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    Space Shuttle Discovery to Carry Robot on Final Mission

    NASA workers walk near the external tank, rear, of the space shuttle Discovery at the Kennedy Space Center in Cape Canaveral, Florida, February 23, 2011
    NASA workers walk near the external tank, rear, of the space shuttle Discovery at the Kennedy Space Center in Cape Canaveral, Florida, February 23, 2011

    Crews at the Kennedy Space Center in Florida are preparing the Space Shuttle Discovery for its final launch, scheduled for Thursday.

    Among the things it will carry to the International Space Station will be a humanlike robot designed to help astronauts aboard the station carry out several common tasks.  The device might pave the way for greater use of robotics in space exploration.

    The Discovery crew will consist of six humans and one robot called "Robonaut 2."  It is not really a member of the crew; in fact it will be stowed away in the cargo compartment until Discovery links up with the space station.  But the The 120-kilogram robot does have a certain star quality.

    It consists of a head that looks like a sleek metallic-looking helmet, a torso, two arms and two hands with fingers that operate much like human digits.

    Robonaut Lead Mechanical Engineer Josh Mehling, who helped develop Robonaut 2 for NASA, says the arms and hands of the device exert the right force to hold, rather than crush, any item the robot picks up.

    "Throughout the robot's arm, it has the ability to sense the forces it is exerting on the environment or the environment is exerting on it.  And the five-fingered hand also has tactile sensing throughout the finger sections, so it can feel what it is touching," he said.

    Mehling says Robonaut 2 is capable of carrying out several tasks aboard the space station that otherwise would take up human astronaut time and energy. "The robot could be used to set up a work site for an astronaut or to tear down a work site or to just hold things for the astronaut.  Really, the goal  going forward is that a system like Robonaut could free up the astronauts to be doing the real hard science that requires the human brain in the loop," he said.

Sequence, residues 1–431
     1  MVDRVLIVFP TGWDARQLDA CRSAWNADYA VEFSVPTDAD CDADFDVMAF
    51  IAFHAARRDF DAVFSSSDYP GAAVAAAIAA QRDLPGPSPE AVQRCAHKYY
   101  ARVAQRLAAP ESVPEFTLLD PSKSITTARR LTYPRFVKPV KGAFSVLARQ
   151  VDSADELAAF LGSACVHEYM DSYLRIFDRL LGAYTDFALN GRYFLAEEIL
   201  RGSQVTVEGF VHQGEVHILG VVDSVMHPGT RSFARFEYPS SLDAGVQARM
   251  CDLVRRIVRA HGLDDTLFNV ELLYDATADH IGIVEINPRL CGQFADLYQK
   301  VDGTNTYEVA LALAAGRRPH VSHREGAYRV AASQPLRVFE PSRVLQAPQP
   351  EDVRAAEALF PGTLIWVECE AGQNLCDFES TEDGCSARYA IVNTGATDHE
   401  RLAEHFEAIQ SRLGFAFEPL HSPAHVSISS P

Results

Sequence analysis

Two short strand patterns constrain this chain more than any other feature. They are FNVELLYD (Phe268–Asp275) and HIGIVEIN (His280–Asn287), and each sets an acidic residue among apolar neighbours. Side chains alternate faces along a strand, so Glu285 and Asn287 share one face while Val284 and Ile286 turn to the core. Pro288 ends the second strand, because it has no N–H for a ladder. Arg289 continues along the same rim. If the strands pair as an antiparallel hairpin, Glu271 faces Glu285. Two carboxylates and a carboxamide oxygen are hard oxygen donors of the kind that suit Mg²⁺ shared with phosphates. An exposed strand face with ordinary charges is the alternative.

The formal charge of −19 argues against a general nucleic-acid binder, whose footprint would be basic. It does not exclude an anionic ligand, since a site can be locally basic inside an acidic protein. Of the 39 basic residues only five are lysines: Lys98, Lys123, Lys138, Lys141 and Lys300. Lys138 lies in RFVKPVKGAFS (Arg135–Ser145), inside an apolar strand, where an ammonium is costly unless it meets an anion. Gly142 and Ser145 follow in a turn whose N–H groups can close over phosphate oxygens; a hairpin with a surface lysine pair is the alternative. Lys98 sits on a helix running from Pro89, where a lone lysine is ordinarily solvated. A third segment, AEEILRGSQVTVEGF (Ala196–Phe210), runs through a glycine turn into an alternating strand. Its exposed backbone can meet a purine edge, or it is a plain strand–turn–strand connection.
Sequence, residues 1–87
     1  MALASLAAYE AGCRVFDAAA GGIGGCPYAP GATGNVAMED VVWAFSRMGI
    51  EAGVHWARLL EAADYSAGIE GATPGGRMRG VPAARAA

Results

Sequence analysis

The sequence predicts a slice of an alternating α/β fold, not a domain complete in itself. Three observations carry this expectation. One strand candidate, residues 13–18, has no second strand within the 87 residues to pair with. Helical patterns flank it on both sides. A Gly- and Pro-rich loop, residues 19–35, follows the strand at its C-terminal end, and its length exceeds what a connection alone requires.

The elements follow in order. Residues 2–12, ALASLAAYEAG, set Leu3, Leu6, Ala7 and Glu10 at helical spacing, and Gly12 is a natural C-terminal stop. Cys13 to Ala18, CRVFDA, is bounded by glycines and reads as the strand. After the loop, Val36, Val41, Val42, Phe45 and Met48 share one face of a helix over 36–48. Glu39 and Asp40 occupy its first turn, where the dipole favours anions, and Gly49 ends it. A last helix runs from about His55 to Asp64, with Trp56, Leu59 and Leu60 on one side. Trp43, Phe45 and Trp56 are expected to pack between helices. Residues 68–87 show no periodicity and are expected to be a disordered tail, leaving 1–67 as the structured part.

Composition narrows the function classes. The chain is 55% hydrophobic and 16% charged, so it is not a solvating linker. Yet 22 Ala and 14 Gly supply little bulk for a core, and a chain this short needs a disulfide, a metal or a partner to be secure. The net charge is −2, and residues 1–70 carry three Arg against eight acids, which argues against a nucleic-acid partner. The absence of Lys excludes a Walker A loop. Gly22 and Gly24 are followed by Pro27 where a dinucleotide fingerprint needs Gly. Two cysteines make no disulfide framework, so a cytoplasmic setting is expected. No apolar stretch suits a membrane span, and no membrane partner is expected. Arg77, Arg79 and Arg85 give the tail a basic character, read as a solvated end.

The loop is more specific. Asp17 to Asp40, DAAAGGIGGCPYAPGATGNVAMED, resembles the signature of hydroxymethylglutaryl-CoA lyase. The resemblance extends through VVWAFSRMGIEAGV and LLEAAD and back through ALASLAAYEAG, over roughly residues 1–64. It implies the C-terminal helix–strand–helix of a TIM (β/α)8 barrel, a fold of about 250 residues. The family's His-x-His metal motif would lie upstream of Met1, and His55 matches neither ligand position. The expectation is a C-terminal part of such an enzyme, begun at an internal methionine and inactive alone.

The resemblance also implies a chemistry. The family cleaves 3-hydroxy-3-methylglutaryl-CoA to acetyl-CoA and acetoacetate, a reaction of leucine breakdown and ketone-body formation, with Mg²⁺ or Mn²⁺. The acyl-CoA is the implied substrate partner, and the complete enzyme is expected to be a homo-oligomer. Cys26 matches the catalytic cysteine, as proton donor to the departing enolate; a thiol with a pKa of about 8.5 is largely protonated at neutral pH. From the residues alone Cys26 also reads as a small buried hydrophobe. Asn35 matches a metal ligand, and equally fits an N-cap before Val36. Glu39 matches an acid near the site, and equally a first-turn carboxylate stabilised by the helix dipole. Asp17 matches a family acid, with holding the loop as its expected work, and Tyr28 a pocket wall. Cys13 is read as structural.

Robots have long been used in space exploration and in manufacturing back on Earth.  But the use of a robot that resembles a human being on the space station recalls the robots of science fiction books and movies, that often have human attributes.  One characteristic of humans is to relate to animals, plants and even mechanical devices as if they are humans, what psychologists call anthropomorphizing.

    Josh Mehling says the Discovery crew had a chance to work with Robonaut 2 in the lab at the Johnson Space Center here in Houston and has, to some extent, bonded with it. "They enjoyed working with it and taking pictures with it.  They really sort of adopted Robonaut 2 as a part of their crew and, while I am not a social psychologist, I think the crews on the space station will enjoy the company of a humanoid robot," he said.

    In addition to the robot, Discovery will carry a storage module and supplies to the space station.  The 11-day journey will be the 39th and final mission of the oldest space shuttle. iscovery was first launched in 1984 and has since flown close to 230 million kilometers. The shuttles Endeavour and Atlantis are scheduled to make their final flights later this year.

    Related video report by Rosanne Skirble:

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